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In gratitude

By Xing Yi and Dong Xianwu ( China Daily)

Updated: 2016-08-05

A former New Jersey politician comes to Southwest China to find her hero, Xing Yi and Dong Xianwu report in Guiyang.

It is a cool afternoon in Guiyang, capital of Southwest China's Gui-zhou province, when Wang Chenghan puts on a traditional Chinese suit and waits to meet an old friend.

He hasn't seen Mary Previte in decades.

On Aug 17, 1945, two days after Japan had announced its surrender in World War II, a B-24 bomber took off from China's southwest. Onboard were six US soldiers and Wang, who was then a Chinese interpreter. The operation, dubbed "duck mission" was to rescue hundreds of people imprisoned by the Japanese in Weifang in East China's Shandong province.

Previte was in that camp, too.

"I never thought the day would come," Previte says, crying with joy upon seeing Wang, now 91.

Previte, 84, has come from New Jersey to Guiyang to thank Wang for the help that changed her life.

The Weihsien Interment Camp was one of the largest detention centers established by the Japanese for civilians from Allied countries living in northern China during World War II.

The rescue team did not know what to expect from the armed Japanese guards despite their surrender. The plane flew low while approaching the camp. Then, the door opened and they jumped.

"When I jumped out of the plane, the wind made me dizzy. I almost lost consciousness. Then a pain in my shoulder woke me up. I saw the ground," Wang recalls of his landing in a sorghum field near the camp. "It took fewer than 10 seconds."

And it was Wang's first time parachuting. Then 20 years old, he had only received basic simulation training on the ground. They didn't have to fight with the outnumbered Japanese guards to take over the camp, and were welcomed by thrilled internees, who didn't know they were free until they saw the US plane.

Recalling her memories of that day, Previte says: "I had a stomach pain and was in bed, but I heard people crying and shouting outside ... They rushed out of the camp gate to welcome the heroes.

"When I saw the American plane hovering, my ache disappeared."

In the following weeks, the rescue team registered the interned civilians by nationality, then coordinated with the Allies to send them back home.

Telling his story, Wang, who was then known by his English name Eddie, says: "Every night after dinner, Mary and other little children would play softball with me. We had a lot of fun together and became good friends."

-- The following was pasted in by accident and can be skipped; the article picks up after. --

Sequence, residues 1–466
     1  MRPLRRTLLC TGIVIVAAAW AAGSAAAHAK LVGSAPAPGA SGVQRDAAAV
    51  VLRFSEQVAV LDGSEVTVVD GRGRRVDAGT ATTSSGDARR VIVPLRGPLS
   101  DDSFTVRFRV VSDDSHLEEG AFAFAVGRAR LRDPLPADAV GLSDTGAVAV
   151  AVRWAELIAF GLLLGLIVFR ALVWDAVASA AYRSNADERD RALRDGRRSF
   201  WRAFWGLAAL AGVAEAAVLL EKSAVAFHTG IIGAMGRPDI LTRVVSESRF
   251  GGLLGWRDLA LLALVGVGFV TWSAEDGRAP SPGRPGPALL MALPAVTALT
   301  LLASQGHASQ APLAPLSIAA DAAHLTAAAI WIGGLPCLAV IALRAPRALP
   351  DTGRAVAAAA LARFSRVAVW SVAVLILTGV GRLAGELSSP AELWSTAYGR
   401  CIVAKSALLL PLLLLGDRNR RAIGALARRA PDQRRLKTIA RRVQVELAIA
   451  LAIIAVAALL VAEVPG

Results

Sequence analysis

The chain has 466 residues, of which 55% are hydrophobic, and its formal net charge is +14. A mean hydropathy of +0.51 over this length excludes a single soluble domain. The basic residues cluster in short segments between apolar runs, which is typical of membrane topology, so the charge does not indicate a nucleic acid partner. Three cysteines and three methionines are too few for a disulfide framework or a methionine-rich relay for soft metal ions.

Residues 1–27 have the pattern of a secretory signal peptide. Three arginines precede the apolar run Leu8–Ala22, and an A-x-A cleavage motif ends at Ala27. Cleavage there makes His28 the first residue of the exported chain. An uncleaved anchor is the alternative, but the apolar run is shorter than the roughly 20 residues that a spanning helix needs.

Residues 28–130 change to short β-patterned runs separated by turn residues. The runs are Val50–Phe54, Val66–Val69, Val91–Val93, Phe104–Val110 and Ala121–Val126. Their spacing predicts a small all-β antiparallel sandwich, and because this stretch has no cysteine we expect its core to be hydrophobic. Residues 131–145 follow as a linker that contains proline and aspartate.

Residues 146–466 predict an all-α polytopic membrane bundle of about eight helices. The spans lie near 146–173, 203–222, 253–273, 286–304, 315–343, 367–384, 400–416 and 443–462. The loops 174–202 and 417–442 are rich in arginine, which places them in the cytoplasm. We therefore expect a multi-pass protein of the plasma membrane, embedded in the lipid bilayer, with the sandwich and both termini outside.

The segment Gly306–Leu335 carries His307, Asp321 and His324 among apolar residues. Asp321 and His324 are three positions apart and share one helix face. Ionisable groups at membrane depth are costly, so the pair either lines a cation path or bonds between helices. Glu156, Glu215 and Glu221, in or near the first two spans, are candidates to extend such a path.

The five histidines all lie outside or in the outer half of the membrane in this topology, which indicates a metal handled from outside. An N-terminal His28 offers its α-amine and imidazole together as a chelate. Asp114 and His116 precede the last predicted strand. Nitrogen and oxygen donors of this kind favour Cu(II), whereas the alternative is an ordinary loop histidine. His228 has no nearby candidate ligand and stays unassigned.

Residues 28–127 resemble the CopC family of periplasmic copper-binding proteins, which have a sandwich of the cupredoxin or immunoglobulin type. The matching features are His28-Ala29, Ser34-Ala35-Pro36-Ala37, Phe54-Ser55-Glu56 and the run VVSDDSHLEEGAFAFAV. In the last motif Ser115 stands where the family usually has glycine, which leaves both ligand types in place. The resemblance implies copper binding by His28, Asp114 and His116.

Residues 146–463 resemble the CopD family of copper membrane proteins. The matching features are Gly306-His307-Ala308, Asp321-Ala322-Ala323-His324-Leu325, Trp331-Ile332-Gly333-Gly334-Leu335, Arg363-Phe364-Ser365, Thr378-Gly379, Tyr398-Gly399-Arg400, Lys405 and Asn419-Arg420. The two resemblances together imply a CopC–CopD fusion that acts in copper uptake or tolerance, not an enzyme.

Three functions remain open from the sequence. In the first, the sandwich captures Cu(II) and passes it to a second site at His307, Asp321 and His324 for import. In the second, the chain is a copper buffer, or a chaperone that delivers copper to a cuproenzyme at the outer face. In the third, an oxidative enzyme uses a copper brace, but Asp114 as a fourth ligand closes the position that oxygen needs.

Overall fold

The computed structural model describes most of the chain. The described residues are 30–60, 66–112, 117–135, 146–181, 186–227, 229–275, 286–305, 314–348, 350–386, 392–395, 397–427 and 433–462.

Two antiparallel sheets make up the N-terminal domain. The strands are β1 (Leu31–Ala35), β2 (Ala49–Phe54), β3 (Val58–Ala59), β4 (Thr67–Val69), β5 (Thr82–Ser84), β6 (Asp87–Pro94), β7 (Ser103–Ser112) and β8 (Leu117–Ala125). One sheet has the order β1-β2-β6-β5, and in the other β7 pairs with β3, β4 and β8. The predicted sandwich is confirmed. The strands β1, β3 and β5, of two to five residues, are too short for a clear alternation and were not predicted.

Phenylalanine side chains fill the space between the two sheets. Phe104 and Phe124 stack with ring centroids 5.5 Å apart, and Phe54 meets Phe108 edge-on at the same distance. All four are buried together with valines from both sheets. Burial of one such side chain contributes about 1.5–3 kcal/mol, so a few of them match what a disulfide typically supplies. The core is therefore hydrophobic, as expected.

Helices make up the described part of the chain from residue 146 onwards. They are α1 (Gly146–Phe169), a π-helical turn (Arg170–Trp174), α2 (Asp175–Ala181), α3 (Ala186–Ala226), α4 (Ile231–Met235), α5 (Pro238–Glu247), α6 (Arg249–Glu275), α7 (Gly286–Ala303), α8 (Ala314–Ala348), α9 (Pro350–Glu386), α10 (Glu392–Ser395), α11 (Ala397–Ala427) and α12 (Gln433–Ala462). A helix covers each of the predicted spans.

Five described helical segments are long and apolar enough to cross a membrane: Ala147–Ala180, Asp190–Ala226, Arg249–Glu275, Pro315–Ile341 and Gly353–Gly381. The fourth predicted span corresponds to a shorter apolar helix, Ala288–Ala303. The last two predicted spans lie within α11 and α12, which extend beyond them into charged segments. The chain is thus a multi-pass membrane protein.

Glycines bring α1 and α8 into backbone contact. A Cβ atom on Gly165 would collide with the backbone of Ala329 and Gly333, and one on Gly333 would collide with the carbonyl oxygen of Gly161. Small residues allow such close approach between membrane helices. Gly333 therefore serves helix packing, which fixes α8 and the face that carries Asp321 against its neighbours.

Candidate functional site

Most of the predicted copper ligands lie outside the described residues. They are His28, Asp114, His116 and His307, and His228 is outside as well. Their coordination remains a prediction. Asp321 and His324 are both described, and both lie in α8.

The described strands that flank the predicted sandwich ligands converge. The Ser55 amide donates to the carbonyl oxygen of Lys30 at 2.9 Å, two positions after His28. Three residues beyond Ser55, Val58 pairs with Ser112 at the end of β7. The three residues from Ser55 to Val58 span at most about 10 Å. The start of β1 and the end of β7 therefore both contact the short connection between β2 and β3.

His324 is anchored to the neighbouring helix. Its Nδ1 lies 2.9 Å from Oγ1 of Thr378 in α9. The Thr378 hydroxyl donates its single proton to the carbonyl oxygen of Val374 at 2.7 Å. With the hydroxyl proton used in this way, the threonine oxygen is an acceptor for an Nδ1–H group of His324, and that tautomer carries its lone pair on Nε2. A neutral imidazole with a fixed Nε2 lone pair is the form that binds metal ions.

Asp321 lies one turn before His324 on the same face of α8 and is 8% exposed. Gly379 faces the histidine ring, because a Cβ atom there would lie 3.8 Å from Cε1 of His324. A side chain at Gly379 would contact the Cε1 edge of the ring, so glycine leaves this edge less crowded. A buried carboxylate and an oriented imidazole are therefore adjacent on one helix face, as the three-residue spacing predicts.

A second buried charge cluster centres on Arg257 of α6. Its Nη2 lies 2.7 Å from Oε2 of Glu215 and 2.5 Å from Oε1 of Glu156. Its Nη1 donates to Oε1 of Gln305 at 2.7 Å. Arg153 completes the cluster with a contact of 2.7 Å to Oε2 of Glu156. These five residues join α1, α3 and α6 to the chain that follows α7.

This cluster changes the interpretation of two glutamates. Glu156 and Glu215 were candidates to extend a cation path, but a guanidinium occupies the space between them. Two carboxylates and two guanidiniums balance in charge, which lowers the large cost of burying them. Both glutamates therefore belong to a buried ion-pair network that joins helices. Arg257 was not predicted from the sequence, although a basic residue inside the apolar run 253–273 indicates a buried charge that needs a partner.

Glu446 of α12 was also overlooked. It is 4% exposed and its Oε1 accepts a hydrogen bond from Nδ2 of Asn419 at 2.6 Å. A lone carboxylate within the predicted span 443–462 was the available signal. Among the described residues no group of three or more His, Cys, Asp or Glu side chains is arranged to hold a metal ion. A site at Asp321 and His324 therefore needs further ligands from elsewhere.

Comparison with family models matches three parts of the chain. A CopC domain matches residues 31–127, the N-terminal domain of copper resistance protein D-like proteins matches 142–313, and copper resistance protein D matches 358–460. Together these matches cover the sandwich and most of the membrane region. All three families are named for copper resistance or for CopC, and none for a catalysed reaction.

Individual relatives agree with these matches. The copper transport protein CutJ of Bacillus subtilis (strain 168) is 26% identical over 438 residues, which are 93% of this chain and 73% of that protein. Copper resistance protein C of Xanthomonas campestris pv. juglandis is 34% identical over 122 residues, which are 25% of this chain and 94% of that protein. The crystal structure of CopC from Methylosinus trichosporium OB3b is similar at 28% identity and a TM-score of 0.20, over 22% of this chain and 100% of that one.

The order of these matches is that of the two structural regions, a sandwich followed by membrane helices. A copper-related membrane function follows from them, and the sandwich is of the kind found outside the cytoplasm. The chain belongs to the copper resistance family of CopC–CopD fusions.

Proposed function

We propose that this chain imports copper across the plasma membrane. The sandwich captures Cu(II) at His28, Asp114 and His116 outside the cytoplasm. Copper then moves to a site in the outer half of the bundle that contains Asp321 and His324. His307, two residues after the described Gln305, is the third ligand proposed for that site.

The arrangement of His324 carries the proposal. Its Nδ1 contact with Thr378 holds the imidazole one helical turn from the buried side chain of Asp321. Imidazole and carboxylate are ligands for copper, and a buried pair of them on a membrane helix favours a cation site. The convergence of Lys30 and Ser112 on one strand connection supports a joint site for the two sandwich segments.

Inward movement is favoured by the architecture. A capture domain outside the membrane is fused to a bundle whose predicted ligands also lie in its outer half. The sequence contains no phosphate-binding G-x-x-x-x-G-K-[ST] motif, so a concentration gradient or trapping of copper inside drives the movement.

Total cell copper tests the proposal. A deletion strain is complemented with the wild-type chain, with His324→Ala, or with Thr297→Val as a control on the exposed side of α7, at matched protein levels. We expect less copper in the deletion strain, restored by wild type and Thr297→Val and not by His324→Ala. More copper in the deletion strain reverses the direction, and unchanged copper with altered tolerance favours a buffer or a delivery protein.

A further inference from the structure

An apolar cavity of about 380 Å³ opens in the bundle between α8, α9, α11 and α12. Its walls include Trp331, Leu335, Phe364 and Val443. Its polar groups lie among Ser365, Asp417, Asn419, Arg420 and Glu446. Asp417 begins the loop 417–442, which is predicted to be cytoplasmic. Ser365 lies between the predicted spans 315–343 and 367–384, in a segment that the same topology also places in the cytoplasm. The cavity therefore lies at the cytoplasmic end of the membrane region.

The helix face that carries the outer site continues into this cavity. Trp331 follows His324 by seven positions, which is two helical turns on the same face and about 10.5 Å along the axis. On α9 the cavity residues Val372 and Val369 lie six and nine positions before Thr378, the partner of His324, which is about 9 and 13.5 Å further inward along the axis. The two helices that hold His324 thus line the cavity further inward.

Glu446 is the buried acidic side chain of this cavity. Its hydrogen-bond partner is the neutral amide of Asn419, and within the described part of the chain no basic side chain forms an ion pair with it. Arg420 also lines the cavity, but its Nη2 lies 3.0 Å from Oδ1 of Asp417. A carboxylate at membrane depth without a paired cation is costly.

Previte spent three more weeks in the camp before being transferred to Xi'an in northwestern China to reunite with her missionary parents.

As the war ended, Wang went back to university and continued his studies. After graduating in 1948, he worked as a teacher, and later as an engineer.

Previte and her parents returned to the United States, where she worked in the education sector before being elected to the New Jersey assembly in 1998.

In the 1990s, Previte decided to find the soldiers who had liberated the Weihsien camp, so that she could express her gratitude to them in person. It was not too hard for her to locate the US soldiers, although two of them had died by then. But she couldn't find Wang, who didn't tell anyone except his family members about the heroic mission.

It was by chance that Wang's grandson, who works in the US, saw Previte's posts on a Weihsien camp survivors' website that finally brought the two together over the phone last year.

Recalling how she found him, Previte says during a meeting with Wang in Guiyang: "When we were talking on the telephone and you said that Betty (Previte's friend) taught you dancing. I thought: 'OK, this is for real'."

Wang is the only man still alive from the team of rescuers.

"This is the last chapter of my pilgrimage to find my heroes," says Previte. "They all said that they are not heroes. But to all of us who were in the Japanese camp, they became heroes when they jumped out of that plane."

Previte hasn't come alone. She has brought several "thank you" messages from others. The letters were written by US ambassador to China Max Baucus, New Jersey state senator Stephen Sweeney, Donald Norcross, a congressman from New Jersey, and several former internees from all over the world.

"If you and your brave comrades hadn't saved us, I would probably have died before I reached 19," wrote former internee Pamela Masters-Flynn from California.

"Thank you for giving me 70 more years of life ... with all the wonderful people who touched my life along the way."

In another letter, Audrey Nordmo Horton from Norway says: "I was one of the few Norwegians you rescued. So in Norwegian I will say, tusen takk - a thousand thank yous - and I will add in English a million more."

Contact the writers through xingyi@chinadaily.com.cn

In gratitude

Mary Previte, a survivor of a prison-of-war camp, meets her rescuer, Wang Chenghan, in Guiyang. Photos By Yang Jun / China Daily

 In gratitude

Wang Chenghan shows a photo of survivors of the Weihsien camp in Shandong province. In 1945, he joined a rescue operation in the Japanese interment camp.

(China Daily 08/05/2016 page20)

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